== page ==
Palate: Initial entry is sweet and barley-forward, with an abundance of spice such as cinnamon, nutmeg, allspice and black pepper emerging along with some oak. Barley sugar, mint lollies, beeswax, honey and bourbon-esque notes develop over time and are followed by sea salt, slightly burnt orange peel and wet slate.
The camphor and menthol hints detected on the nose appear late on and there is a distant hint of smoke and just a tiny whiff of peat. (21/25)
Finish: Medium to long on the finish, with barley sugar, malt and the wood spices relatively dominant. There is also a late development of vanilla and cream to round things off. (19/25)
Balance: Quite a complex and well-balanced dram, with a multitude of complexities apparent as the dram aerates naturally without the addition of water. The mouthfeel is oily with some drying elements towards the end. (20/25)
Port Charlotte 2005 10 Years Old (Matured in Bourbon & Bordeaux casks, 59.9% abv)
Colour: Burnished copper
Nose: Perfumed, fresh and oak on initial entry, with fresh barley, malt, slight peat, sea salt, cinnamon and cloves emerging. Winey notes from the Bordeaux maturation emerge later on and integrate well with the sweet malt.
Black pepper, green chili and a slight whiff of pencil shavings make an appearance at the very end. (22/25)
Palate: Sweet barley malt and barley sugar combine well with the Bordeaux hints as well as the wood spices detected on the nose and hints of sea salt, oak an pencil shavings emerge after some time. These elements are underpinned by the presence of gentle peat, black pepper and just a touch of creosote. (21/25)
Finish: Medium on the finish, with sweet malt, oak, wood spices and Bordeaux combining well to create a well-rounded final flourish. (20/25)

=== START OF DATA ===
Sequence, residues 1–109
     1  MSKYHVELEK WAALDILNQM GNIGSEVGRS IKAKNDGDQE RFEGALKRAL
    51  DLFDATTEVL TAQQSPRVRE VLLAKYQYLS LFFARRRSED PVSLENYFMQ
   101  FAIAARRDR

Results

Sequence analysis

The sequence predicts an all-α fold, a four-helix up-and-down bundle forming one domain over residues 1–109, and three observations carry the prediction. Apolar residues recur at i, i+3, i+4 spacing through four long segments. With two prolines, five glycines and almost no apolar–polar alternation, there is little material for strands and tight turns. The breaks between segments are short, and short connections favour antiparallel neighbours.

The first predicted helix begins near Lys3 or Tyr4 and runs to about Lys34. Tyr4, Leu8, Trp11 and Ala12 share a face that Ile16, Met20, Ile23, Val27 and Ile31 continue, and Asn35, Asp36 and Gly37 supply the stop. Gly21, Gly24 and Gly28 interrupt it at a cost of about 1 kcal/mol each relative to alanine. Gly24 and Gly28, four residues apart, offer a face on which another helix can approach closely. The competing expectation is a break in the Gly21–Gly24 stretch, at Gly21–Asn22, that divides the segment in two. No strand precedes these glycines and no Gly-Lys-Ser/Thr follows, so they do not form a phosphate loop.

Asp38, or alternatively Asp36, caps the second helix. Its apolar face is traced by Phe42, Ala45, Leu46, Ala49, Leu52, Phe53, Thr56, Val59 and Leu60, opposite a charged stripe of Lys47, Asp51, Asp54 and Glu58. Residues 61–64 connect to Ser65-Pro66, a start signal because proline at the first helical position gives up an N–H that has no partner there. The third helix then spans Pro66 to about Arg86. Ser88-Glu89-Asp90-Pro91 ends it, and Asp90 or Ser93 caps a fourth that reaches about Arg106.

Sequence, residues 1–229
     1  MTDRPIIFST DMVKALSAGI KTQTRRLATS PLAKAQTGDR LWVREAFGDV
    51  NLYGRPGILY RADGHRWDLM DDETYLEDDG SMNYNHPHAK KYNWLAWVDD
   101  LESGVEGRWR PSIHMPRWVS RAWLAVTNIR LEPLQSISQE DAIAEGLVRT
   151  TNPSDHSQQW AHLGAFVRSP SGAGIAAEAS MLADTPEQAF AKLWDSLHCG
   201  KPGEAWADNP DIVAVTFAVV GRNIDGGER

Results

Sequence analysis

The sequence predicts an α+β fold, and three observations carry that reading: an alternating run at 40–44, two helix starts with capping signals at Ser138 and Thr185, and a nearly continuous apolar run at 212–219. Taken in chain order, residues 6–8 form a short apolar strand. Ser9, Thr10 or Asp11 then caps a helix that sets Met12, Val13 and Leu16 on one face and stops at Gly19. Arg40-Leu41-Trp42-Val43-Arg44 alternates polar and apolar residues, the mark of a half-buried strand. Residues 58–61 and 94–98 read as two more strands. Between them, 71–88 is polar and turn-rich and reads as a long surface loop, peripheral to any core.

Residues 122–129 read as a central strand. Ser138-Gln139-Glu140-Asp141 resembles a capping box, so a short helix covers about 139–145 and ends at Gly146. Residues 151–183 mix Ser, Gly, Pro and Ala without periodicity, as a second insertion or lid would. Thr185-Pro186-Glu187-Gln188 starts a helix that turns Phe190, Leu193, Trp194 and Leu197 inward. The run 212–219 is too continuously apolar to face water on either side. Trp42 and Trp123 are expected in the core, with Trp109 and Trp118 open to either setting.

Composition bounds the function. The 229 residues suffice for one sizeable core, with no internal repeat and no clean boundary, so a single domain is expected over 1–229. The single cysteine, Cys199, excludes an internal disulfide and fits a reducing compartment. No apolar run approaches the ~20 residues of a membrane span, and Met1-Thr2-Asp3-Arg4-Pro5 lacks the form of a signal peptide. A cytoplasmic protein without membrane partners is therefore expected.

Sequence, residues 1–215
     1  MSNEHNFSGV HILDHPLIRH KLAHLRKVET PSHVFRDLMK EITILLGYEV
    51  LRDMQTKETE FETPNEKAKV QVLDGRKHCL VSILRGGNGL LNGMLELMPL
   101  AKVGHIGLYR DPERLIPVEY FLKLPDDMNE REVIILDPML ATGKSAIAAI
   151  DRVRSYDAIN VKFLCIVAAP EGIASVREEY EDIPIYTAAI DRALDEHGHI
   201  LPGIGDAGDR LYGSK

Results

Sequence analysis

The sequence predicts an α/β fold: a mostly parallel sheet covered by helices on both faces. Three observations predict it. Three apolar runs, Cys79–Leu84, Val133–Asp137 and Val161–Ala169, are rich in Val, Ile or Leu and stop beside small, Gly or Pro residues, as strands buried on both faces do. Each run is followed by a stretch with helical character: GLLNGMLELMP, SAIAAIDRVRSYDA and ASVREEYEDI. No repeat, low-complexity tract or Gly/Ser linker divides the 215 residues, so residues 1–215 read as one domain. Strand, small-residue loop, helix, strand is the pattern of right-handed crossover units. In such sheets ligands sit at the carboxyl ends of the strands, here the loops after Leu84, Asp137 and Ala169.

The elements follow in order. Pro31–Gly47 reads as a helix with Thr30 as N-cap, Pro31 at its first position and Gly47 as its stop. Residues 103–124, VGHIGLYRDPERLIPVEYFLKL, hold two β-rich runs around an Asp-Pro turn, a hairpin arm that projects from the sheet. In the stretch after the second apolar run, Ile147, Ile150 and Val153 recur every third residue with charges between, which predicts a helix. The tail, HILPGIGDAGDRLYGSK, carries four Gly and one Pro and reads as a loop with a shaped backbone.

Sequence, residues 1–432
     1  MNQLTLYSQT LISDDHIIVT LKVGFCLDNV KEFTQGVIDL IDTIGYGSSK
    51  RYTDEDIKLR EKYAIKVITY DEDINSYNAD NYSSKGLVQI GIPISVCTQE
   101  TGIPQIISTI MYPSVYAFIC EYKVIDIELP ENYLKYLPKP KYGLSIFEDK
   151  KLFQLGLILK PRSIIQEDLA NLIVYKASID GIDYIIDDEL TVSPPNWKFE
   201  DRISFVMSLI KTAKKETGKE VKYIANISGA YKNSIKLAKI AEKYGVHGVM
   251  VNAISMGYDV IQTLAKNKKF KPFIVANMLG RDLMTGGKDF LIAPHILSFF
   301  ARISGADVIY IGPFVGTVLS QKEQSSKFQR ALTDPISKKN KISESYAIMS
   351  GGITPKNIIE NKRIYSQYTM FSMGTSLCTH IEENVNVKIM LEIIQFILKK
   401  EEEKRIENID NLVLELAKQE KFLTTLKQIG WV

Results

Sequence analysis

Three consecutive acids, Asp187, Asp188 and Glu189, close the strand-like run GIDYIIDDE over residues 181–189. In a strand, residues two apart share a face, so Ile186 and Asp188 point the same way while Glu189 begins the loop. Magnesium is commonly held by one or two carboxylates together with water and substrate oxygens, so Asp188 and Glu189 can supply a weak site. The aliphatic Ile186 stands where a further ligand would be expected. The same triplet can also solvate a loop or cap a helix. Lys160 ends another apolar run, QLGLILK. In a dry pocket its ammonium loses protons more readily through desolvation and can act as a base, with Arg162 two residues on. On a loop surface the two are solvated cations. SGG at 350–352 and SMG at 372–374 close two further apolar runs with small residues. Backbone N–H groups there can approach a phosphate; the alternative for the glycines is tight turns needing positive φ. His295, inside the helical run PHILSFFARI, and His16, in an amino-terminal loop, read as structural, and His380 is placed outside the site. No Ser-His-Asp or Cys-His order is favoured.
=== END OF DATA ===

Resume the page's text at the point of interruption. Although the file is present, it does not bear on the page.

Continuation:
Balance: A very well-balanced and immensely enjoyable dram which starts off oily but becomes increasingly dry towards the end. The bordeaux influence in this dram is pronounced but does not overpower the other elements. (21/25)
Port Charlotte 2005 10 Years Old (Matured in Virgin Oak, 63.5% abv)
Nose: Austere, mineral-esque and restrained on initial entry, with a nose that is more reminiscent of an aged gin rather than a whisky! There are some similarities with The Botanist in this one, although it is definitely heavier and peaty.
Pencil shavings, sage, thyme, wet sand and sloe berries combine with the sea salt and there is a hint of coastal peat lingering in the background. The virgin oak maturation also accentuates the raw power of the new make as well as the barley. (20/25)
Palate: Very much like a gin on the palate, with the pencil shavings, sage, thyme, wet sand and sloe berries intermingling with the sea salt, fairly lively oak, barley, cloves and mint. Not as austere as on the nose, but still very different from the other two samples. (21/25)
Finish: Long on the finish, with the gin-like notes and oak being the most dominant aspects followed by the pencil shavings and cloves. (20/25)
Balance: Considering how austere this expression was on the nose, the development in the glass allows for it to be much more expressive on the palate, if given ample time to do so. The mouthfeel is generally drying and this expression is something that you’d definitely not come across very often! (21/25)
Overall, these three samples provided a rather interesting look at how the Port Charlotte base spirit is influenced by the casks in which it has been matured. While the barley is definitely the focal point of all three expressions, the casks have provided an immense amount of character and it has helped define the direction of the final product.
These three expressions are sure to intrigue and delight fans of Port Charlotte as they provide an experience that is somewhat similar and yet also somewhat divergent from what they would generally expect when savouring the heavily peated representation of the distillery’s core range.
As it stands, these expressions are sold out worldwide due to there only having been 900 sets made available back in October. However, those based in Singapore would be able to sample them at The Single Cask, where a flight of these three expressions is being sold for $55 (inclusive of service charge).
Until the next review, have a great week ahead.
More reviews: https://www.thesinglecask.sg/blogs/news